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[477b] for that which lies between we must seek for something between nescience and science, if such a thing there be.” “By all means.” “Is there a thing which we call opinion?” “Surely.” “Is it a different faculty from science or the same?” “A different.” “Then opinion is set over one thing and science over another, each by virtue of its own distinctive power or faculty.” “That is so.” “May we say, then, that science is naturally related to that which is,1 to know that and how that which is is? But rather, before we proceed, I think we must draw the following distinctions.” “What ones?”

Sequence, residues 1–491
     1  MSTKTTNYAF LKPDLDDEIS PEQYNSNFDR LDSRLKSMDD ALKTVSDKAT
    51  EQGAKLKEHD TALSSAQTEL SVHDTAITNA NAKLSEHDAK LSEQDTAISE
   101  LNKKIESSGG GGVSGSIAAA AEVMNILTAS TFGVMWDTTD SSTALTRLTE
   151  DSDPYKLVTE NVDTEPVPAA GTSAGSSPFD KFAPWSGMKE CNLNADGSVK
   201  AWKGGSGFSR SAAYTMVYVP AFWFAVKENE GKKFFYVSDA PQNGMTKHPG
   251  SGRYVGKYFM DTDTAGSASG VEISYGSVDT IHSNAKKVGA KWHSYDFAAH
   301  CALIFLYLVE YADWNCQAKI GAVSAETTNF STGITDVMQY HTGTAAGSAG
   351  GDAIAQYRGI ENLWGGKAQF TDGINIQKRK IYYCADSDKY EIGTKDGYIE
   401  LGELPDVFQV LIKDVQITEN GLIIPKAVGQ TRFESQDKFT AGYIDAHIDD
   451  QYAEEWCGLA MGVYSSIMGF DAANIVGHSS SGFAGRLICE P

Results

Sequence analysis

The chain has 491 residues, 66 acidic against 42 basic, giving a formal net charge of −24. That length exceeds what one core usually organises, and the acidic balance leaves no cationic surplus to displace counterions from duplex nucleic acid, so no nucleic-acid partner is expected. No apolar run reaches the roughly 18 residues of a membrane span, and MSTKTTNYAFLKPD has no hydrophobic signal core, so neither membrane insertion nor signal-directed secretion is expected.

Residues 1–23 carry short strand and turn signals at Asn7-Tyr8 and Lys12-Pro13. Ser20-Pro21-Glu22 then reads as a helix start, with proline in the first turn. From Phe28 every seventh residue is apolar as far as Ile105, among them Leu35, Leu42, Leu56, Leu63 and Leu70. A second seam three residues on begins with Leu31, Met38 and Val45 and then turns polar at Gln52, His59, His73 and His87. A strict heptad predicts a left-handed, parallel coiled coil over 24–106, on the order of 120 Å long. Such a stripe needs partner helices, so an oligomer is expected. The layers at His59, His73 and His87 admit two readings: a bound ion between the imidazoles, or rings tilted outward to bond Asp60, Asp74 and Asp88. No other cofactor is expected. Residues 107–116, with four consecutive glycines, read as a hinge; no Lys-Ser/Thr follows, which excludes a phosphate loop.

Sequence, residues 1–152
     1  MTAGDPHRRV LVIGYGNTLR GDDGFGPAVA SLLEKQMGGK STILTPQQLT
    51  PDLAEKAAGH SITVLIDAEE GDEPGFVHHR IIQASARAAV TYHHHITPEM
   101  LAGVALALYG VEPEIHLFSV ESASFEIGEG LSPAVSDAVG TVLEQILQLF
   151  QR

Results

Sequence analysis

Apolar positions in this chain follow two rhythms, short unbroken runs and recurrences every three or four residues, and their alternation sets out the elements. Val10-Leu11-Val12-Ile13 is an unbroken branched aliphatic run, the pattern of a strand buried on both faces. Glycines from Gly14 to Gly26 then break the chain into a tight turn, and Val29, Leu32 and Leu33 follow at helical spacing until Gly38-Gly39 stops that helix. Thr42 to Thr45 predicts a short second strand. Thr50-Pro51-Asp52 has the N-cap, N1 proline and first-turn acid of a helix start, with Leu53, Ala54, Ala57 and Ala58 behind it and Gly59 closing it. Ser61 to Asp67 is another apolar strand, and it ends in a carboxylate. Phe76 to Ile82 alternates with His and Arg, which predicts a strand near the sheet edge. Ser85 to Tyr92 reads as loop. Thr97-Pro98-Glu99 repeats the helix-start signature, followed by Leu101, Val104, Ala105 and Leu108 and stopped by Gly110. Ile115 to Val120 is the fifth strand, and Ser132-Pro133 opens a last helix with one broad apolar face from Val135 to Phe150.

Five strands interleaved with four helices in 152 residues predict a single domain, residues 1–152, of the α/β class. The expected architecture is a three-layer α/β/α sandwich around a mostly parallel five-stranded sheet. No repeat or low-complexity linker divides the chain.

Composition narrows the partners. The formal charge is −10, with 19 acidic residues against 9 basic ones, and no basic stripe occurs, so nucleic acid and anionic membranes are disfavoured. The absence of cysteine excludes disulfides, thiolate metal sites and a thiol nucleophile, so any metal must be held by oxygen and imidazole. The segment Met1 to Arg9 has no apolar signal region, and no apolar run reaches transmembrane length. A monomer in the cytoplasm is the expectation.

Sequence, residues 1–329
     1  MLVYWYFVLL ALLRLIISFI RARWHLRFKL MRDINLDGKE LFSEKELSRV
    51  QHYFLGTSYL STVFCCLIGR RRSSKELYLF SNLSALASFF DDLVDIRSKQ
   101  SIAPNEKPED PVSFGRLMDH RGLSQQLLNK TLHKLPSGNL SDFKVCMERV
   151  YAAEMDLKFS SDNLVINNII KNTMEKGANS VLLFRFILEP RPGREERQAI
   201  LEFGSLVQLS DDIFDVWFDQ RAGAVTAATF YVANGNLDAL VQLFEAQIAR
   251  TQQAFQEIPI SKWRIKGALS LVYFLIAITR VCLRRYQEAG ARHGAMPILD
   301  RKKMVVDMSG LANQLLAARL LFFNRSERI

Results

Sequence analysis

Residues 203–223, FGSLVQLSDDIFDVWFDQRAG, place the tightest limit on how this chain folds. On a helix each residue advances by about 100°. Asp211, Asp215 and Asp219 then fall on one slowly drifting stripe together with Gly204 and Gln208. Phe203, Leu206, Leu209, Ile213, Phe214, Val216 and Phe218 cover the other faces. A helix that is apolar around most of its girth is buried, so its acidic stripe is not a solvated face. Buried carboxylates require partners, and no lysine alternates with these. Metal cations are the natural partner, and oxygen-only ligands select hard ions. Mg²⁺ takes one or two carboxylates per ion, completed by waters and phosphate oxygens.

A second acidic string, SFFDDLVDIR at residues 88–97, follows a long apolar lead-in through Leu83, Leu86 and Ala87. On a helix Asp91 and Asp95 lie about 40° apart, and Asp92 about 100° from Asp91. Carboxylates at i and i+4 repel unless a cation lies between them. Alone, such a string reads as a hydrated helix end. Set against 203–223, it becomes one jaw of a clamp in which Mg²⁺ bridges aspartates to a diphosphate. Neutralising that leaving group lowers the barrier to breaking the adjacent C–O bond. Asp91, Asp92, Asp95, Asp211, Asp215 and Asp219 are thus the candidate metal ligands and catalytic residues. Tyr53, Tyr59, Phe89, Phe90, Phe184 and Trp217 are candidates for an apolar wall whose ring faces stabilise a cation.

1 Apart from the metaphysical question of the relativity of all knowledge, the word ἐπιστήμη in Greek usage connotes certainty, and so Plato and Aristotle always take it. But more specifically that which (always) is, for Plato, is the “idea” which is not subject to change and therefore always is what it is, while a particular material thing subject to change and relativity both is and is not any and every predicate that can be applied to it. And since knowledge in the highest sense is for Plato knowledge of abstract and general ideas, both in his and in our sense of the word idea, knowledge is said to be of that which is. It is uncritical to ignore Plato's terminology and purpose and to talk condescendingly of his confusing subjective with objective certainty in what follows.

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